Grendel and Cain and how they relate in "Beowulf"

1536 Words Mar 15th, 2003 7 Pages
Grendel and Cain

In the story of Beowulf you get a glimpse of many different themes throughout this epic. Those themes range from good and evil to those of death and glory. The story itself depicts a period in history when life was lead "blind" through the teachings of the book of the lord and his spoken words. At this same period in history traditional pagan religious practices and beliefs have slowly given way to the ideals and philosophy of Christianity. Many of the themes held within the pages of Beowulf stem from the proverbs and fables recited and practiced in the Old Testament, while concurrently adding pagan beliefs of monsters, demons, and multiple gods. The most striking of these biblical comparisons is viewed between Grendel
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For his sin he was expelled from Eden. From that day on he led the life of an exile, doomed to be "a fugitive and wanderer in the earth" (Gen. 4:12) and denied the rights of a normal man, only to bare the mark of a sinner and warning to others. With this Cain walked into the land of Nod (unknown, evil, dark), only to leave a legacy felt by the generations of his offspring.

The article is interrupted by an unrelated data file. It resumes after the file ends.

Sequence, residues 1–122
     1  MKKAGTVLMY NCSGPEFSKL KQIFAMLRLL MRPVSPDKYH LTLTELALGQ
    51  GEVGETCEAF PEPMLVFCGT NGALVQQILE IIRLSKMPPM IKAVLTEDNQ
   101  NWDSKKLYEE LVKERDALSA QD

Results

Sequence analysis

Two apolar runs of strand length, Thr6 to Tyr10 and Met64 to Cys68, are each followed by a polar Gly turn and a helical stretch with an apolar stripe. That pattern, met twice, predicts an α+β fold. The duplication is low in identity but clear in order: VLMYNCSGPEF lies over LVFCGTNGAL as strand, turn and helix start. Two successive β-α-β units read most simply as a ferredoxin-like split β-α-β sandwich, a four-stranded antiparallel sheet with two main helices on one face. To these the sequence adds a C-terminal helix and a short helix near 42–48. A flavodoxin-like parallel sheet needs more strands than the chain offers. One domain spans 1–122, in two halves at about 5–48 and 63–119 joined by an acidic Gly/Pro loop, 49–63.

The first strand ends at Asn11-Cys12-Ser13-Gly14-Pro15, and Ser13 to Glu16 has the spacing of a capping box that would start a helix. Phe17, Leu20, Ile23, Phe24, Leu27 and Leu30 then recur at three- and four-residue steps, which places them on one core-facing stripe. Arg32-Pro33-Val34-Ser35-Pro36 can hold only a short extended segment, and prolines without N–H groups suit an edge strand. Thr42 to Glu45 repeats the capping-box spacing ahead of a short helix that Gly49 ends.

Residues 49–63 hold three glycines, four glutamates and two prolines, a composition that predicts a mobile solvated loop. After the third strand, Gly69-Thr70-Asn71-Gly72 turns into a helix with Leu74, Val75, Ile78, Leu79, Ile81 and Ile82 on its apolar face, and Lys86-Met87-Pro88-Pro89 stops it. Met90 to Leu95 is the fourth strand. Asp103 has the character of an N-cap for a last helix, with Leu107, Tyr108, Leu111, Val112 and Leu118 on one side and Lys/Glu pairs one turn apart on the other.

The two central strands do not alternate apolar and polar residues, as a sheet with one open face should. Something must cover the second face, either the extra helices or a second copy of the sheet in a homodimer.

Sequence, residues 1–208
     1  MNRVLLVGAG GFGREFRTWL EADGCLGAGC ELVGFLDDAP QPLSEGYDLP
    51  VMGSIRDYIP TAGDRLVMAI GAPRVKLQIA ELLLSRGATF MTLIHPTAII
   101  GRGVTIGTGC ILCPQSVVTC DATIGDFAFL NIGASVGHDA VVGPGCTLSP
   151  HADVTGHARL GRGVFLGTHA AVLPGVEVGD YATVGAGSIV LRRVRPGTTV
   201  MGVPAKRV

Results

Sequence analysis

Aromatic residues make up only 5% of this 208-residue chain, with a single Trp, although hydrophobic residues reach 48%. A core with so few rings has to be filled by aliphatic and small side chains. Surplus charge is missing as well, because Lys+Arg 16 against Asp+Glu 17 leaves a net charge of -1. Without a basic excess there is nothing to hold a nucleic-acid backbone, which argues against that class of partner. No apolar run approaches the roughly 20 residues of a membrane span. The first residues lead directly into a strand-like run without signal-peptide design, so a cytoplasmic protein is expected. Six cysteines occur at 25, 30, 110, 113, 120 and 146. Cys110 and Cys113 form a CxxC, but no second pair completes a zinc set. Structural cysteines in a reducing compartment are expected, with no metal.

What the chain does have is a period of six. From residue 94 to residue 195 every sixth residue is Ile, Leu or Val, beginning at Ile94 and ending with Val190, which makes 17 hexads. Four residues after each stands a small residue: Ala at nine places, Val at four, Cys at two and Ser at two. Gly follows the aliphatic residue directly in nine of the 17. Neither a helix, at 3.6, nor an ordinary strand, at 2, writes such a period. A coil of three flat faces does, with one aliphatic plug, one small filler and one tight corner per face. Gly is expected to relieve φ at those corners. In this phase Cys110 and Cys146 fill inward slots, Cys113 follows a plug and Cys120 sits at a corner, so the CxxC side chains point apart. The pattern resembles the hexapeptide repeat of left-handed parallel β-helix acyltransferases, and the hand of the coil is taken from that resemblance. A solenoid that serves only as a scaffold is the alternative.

When Cain killed Able, he ignited the eternal flame of a cursed family. From Cain's blood came "the curse of his exile and sprang ogres and elves and evil phantoms and the giants too" (Beowulf. Pg. 35), darkness entailed is legacy and evil embodied his future. Grendel is a descendant of Cain, so he shares Cain's exile from all that is good and light. Cain may have been the first displaced person after Adam and Eve, but he was not the last. Grendel shares his ancestor's punishment, he is exiled not only from whatever land or wealth he would have had if he were "human", but he is also abandoned by God and all who followed and indulge in his faith and grandeur. It is this abandonment that causes Grendel to destroy and murder. "The treasure seat, he was kept from approaching; he was the Lords outcast" (Beowulf pg.36), since he cannot approach the throne of the Lord like the rest of mankind, he chooses to attempt to destroy it. He has no love for God and his children if he can not be with them "hand in hand". However, unlike Cain and his parents, Grendel is doomed from
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